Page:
There are only two controls, the combined battery check, tuner on the left volume on the right. The LCD (liquid Crystal Display) is situated between the two controls. Turning the volume control to the right will switch the Impulse on and the bar graph of the LCD appears on the screen. At the same time a loud squeal can be heard from the headphones, you are advised not to put the headphones on your head until after you have turned the unit on. You can do your adjustments once that initial shock wave has gone.

With the headphones over your ears, turn the volume to full, you can adjust it for comfort later. The tuner governs the threshold much the same as it does a VLF. The higher you turn the control the higher the threshold and sensitivity. I should add here, that if you have the threshold tone up too high it could mask out weak or faint signals. As you increase the threshold, the bar graph responds according to how high this control is turned up.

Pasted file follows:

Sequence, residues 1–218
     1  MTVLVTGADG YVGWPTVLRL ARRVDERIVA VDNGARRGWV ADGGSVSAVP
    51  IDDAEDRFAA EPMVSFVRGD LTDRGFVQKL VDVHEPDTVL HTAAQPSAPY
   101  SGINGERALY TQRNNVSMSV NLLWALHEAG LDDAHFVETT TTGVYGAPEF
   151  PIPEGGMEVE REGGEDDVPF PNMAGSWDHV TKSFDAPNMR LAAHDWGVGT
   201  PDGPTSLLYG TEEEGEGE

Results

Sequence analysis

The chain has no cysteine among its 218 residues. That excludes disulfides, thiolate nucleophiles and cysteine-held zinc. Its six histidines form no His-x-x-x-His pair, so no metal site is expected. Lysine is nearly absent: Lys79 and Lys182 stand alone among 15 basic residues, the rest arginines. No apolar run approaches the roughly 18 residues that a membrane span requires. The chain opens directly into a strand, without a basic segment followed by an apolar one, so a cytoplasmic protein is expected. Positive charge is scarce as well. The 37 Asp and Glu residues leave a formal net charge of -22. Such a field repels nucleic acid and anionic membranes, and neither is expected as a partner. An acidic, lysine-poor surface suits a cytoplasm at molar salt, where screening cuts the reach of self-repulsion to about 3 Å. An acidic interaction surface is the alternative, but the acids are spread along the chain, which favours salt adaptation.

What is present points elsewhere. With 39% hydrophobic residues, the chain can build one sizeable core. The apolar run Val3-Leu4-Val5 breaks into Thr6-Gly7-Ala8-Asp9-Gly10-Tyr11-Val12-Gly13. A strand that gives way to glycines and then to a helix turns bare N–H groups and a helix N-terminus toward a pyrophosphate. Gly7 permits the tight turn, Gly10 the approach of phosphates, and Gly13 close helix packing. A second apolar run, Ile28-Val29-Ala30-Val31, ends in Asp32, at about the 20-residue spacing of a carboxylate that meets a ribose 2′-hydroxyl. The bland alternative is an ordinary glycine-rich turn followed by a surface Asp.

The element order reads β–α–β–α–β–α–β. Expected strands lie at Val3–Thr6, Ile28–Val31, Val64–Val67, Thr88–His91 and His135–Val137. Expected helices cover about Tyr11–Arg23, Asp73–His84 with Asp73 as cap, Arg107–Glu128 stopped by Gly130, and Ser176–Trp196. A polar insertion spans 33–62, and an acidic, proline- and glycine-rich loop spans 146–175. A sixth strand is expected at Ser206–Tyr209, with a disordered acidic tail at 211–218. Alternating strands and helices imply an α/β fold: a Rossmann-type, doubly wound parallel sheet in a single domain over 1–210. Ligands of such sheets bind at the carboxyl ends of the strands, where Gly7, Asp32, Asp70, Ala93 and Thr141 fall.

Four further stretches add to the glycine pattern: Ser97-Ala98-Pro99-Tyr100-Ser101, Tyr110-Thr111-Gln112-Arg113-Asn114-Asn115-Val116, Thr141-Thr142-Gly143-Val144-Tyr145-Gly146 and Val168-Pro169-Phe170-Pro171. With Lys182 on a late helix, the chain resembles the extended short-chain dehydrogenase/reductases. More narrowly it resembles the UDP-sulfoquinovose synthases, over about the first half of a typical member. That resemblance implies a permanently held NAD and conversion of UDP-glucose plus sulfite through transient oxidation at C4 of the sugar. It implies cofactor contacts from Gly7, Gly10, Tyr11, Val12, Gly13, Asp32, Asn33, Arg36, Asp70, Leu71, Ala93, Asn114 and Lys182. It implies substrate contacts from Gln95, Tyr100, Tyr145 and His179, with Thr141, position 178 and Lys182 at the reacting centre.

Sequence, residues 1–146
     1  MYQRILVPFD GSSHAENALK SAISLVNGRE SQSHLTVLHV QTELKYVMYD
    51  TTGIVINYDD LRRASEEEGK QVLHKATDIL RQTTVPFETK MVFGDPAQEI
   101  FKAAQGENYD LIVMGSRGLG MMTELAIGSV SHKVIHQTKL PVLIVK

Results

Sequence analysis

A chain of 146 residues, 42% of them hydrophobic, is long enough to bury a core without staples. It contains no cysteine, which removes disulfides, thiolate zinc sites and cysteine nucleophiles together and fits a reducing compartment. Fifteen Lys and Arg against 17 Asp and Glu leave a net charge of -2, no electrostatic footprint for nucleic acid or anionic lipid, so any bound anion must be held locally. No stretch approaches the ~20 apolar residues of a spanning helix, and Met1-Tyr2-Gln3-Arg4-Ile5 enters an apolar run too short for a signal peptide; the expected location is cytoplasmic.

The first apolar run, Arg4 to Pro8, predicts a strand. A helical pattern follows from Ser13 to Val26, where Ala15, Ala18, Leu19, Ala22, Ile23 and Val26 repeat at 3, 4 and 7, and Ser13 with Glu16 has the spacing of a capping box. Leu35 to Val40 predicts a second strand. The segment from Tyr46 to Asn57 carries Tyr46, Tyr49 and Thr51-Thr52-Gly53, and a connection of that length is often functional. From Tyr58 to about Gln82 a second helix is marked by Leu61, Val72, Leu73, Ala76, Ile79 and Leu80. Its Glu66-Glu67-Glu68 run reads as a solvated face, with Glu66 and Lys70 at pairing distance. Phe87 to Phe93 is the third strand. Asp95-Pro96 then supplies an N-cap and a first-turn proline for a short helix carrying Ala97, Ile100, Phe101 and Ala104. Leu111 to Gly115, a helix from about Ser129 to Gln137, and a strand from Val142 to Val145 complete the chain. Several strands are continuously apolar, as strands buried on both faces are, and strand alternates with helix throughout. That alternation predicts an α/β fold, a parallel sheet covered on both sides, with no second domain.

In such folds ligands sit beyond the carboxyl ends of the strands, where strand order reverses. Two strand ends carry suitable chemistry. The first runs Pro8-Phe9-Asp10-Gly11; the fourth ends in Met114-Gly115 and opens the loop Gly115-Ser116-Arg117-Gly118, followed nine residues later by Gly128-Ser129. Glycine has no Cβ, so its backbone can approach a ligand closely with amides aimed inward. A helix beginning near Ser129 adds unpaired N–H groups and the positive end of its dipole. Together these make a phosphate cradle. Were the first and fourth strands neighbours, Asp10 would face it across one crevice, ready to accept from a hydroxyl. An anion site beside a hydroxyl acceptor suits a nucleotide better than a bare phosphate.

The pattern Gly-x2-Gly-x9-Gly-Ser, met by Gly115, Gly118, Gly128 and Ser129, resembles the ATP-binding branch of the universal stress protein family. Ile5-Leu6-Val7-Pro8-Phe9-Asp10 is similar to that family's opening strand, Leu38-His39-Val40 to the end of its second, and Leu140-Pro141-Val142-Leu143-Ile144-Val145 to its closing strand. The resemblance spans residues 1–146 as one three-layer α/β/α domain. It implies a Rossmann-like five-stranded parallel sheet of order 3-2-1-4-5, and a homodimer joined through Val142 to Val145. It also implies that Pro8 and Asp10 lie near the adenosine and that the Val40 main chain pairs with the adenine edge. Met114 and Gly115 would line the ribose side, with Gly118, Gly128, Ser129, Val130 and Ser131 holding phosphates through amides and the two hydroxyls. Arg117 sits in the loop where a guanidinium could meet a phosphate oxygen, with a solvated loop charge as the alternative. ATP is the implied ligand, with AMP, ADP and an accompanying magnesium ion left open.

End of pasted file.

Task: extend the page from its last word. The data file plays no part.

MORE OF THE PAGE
Recommended factory setting is for two bars to be present on the LCD for optimum performance. The tuner gives you greater control over your Impulse, simply because if you go over a large target you can decrease sensitivity. Sometimes you may find a large target is in fact several small targets all bunched together. Because you were able to decrease sensitivity you are able to isolate each and every one.

Something you cannot do with many other PI machines being sold on the open market. It's a great feature especially if your trying to work in a heavily contaminated area. I often wonder how many of those large targets I walked away from, were clusters of smaller targets that I couldn't be bothered to dig. The headphones are completely submersible, and have a special drain plug to enable them to flood when diving. But if you are, you are advised to place the headphones on your head once your under the water, remember equalization or embolism.